To unmold a salmon mousse from its fish-shaped tin requires 10 percent skill and 90 percent luck. You warm the copper fish tin with some hot water, jiggle the mousse around a bit, and gather your courage. You spent some time making this mousse, after all, and you want it to look good (as good as a fish-shaped mixture of smoked salmon, gelatin, and mayonnaise can look, anyway). So you set a plate on top of the mold’s open side, flip it over, and pray your mousse-fish comes out intact. Success!
This was the little drama that took place in my kitchen over the weekend. My unmolding happiness was fleeting, because I knew I’d have to go through the whole process again when I freed my lime Jell-O salad. (The YouTube tutorials featuring nice midwestern women were a big help.) I was hosting a “’70s” dinner party, which did not include bell-bottoms, but was instead intended to be a celebration of the delightfully horrible dishes that populate magazine covers, cookbooks, and recipe cards from the decade of 8-tracks and Farrah Fawcett hair.
“There’s something very fun about food from that time,” says Anna Pallai. “Food now is very virtuous and I don’t find that particularly interesting.” Pallai is, in many ways, the leader of this particular mayo-filled movement. Three years ago, she founded 70s Dinner Party, the now-infamous Twitter account that … let’s say honors the cuisine of the ’70s: peanut butter soup, ham and celery roll-ups, banana firecrackers — you know, totally normal food.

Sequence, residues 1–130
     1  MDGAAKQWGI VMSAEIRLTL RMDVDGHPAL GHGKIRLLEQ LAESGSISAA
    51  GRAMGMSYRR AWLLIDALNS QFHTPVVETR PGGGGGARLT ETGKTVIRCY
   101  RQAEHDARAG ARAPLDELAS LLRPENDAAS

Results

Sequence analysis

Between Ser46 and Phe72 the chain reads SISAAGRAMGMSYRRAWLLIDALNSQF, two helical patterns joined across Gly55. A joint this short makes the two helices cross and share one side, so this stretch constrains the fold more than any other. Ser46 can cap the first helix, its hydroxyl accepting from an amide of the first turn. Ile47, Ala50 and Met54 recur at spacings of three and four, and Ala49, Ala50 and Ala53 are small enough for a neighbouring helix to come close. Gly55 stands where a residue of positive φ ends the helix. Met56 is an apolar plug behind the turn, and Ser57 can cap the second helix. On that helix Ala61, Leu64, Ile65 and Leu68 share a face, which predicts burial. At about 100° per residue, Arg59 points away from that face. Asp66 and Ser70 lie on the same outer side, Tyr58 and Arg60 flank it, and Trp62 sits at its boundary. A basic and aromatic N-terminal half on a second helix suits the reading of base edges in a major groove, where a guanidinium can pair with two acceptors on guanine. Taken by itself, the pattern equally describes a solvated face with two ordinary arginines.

The account is a hit, and its followers have been inspired to glorify the decade’s food with their own parties, especially in Australia, the U.K., and New Zealand. “We had been chatting with friends about the hideous things we saw,” explains Samuel Sisti, who attended a ’70s dinner party earlier this year. For the party, Sisti made ham and banana hollandaise, which is exactly what it sounds like.
The food at these parties is everything that food right now isn’t: hyperprocessed, brightly colored, oddly flavored, and almost certain to include bananas or ham. (Or both.) To recreate the cooking of the ’70s is, as Pallai says, a “retaliation to puritanical wellness trends” of today.
I am all for wellness retaliation, and decided I had to host a party of my own in New York. I invited some friends — who were surprisingly game, mostly because I didn’t mention they’d have to eat fish-shaped mousse — and scoured books and websites for recipes. I wanted food that would be mildly upsetting to see, but also not terrible to eat. I ruled out front-runners like tomato aspic and the nightmare known as “snapper en masque.” The banana “candle” was tempting, but ultimately it seemed too gimmicky. Cauliflower lions and eggplant helicopters had great names but somehow felt almost too healthy.
Then I remembered something that Pallai had told me when I asked her about the worst ’70s dish she’d encountered. She did not hesitate: sandwich loaf, technically a dish from the ’50s, but which had something of a heyday in the ’70s. It’s like a cake-sandwich mash-up that manages to amplify the worst attributes of each. It was going to be perfect.